International Journal of Celiac Disease
ISSN (Print): 2334-3427 ISSN (Online): 2334-3486 Website: Editor-in-chief: Samasca Gabriel
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International Journal of Celiac Disease. 2014, 2(2), 47-48
DOI: 10.12691/ijcd-2-2-4
Open AccessEditorial

Adolescents May Be Older Than We Think: Today 25 Is the New 18, or Is It?

Jacqueline M. Arnone1,

1Kean University, New Jersey, United States

Pub. Date: May 05, 2014

Cite this paper:
Jacqueline M. Arnone. Adolescents May Be Older Than We Think: Today 25 Is the New 18, or Is It?. International Journal of Celiac Disease. 2014; 2(2):47-48. doi: 10.12691/ijcd-2-2-4


There is a marked dearth of research on the lived experience of adolescents with celiac disease in the United States in the current literature. A vulnerable population, adolescents with celiac disease can get lost in the gap between healthcare research and practice related to treatment regimens, health teaching and health counseling. The period of adolescence is triphasic and a time of rapid physical growth and development. It includes developmental tasks of identity formation, the separation from authority as a means of independence and seeking conformity with peers. Varying age range brackets for adolescents were identified through a review of the current literature of adolescents with celiac disease. The lack of universality in age bracketing prompted the question, “What is the age range for the period of adolescence?” Current literature surveyed from the United States and Great Britain state that 25 is the new 18. Social and cultural factors and neuroscience research support that adolescents may be older than we think. In the United States there are more than 80 million Millenials also known as Generation Y, born between 1980 and 1995, that fall within this expanded stage of “emerging adulthood.” The general consensus across disciplines remains undecided in benchmarking an expanded age bracket for adolescence. Further discourse and research is warranted to determine a universal age standard for the period of adolescence, as it relates to the research of Millenial/Generation Y adolescents with celiac disease.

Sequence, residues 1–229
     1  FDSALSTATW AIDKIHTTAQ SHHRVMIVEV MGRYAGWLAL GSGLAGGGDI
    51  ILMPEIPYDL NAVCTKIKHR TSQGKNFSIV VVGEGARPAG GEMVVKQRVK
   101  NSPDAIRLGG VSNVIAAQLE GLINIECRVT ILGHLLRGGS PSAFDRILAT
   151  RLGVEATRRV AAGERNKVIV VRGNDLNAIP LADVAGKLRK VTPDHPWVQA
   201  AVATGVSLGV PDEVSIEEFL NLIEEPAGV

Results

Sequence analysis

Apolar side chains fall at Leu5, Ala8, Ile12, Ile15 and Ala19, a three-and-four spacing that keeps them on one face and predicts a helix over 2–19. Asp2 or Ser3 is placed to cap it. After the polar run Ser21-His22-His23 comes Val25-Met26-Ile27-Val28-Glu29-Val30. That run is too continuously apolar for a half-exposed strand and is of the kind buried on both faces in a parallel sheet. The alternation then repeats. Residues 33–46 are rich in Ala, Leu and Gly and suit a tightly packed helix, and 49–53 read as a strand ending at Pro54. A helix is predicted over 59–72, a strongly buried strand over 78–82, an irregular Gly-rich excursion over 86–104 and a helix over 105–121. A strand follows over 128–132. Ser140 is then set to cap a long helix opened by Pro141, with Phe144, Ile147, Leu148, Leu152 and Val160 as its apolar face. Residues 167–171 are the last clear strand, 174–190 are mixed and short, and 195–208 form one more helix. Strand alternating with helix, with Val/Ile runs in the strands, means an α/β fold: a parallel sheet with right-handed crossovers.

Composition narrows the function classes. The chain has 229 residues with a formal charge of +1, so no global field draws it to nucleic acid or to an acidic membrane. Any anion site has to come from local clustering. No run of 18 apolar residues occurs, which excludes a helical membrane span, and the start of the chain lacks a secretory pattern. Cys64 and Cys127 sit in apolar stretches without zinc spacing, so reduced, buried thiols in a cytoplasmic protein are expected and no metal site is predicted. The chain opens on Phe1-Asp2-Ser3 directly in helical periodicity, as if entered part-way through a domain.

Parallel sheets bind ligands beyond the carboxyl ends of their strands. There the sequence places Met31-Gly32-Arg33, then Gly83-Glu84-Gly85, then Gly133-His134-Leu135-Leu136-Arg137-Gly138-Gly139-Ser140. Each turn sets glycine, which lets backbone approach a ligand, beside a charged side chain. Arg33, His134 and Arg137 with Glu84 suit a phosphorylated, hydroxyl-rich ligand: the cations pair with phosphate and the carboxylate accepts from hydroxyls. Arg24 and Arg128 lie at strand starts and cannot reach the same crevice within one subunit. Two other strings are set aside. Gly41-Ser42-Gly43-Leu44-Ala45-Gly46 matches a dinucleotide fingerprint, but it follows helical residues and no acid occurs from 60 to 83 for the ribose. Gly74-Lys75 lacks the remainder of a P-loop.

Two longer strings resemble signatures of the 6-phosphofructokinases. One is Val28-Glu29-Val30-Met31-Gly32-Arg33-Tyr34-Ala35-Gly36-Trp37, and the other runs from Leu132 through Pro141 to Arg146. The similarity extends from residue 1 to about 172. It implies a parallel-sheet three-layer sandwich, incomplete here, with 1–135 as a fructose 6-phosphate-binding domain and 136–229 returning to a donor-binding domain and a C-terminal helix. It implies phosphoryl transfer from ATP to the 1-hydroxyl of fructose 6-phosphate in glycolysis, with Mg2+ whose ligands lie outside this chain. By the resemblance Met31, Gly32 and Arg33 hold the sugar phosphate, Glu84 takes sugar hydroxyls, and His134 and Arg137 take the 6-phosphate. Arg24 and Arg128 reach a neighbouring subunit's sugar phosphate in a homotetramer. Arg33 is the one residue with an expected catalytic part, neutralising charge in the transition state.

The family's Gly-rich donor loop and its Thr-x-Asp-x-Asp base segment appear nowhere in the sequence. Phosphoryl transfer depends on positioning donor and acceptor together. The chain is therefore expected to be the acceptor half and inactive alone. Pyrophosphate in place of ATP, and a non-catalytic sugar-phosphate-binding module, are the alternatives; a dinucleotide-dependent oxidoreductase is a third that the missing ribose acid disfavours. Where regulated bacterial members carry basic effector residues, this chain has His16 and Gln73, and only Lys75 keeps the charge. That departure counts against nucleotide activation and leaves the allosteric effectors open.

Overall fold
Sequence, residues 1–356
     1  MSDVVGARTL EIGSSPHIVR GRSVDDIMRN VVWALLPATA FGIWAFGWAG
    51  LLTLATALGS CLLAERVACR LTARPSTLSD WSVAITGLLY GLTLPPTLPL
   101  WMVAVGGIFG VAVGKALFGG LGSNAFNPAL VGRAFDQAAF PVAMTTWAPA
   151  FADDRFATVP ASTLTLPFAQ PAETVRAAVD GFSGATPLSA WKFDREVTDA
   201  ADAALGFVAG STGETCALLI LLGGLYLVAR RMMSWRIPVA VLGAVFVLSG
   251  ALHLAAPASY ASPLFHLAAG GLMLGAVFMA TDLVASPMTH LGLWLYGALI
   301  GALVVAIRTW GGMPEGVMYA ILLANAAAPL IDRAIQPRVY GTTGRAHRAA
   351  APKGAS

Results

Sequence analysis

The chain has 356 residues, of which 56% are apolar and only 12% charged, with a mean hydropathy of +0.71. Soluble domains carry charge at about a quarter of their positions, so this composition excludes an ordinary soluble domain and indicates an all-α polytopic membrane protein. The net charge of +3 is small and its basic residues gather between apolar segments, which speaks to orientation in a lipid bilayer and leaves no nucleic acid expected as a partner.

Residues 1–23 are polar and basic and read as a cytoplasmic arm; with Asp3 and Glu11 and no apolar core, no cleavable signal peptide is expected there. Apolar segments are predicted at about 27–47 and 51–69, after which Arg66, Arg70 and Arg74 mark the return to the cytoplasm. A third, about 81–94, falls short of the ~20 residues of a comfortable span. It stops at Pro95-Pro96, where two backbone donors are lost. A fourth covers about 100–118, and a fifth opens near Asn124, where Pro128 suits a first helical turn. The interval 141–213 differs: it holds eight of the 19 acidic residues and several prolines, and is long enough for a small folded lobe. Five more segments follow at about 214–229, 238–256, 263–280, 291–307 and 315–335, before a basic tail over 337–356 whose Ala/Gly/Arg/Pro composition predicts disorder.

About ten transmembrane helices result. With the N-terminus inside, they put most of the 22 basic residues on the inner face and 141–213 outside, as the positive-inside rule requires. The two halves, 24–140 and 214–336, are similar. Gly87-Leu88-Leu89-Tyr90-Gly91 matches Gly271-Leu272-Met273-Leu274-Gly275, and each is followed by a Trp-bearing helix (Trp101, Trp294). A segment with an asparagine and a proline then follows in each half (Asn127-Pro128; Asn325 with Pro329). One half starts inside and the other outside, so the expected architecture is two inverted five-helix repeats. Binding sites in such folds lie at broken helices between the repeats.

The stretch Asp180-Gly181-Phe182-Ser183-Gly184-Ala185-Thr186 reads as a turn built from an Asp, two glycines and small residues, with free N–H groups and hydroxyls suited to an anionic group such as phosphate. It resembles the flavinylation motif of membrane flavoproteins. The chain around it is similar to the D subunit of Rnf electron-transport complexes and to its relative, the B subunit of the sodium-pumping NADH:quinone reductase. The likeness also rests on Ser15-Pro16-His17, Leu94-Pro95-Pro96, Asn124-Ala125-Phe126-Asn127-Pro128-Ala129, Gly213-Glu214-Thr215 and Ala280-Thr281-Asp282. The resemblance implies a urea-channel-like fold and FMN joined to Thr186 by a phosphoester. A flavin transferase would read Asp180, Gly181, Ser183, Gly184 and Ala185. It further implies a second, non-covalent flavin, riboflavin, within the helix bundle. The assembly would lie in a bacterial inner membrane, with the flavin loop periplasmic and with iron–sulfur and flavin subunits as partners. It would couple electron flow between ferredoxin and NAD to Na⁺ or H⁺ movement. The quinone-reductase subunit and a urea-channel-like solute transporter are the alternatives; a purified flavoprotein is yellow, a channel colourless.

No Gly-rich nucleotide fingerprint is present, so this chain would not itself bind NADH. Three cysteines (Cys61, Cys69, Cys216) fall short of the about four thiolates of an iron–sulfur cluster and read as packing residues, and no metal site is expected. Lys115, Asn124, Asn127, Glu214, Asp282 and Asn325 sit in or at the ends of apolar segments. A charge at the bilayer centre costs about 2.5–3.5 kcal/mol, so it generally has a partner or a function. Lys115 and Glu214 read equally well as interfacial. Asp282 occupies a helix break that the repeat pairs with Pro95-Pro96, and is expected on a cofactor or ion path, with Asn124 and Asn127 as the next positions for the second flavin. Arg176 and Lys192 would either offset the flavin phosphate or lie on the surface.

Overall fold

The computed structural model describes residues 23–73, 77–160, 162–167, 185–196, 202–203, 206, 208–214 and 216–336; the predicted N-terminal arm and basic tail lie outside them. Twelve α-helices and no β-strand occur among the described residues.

adolescence adolescent celiac disease adolescence Generation Y

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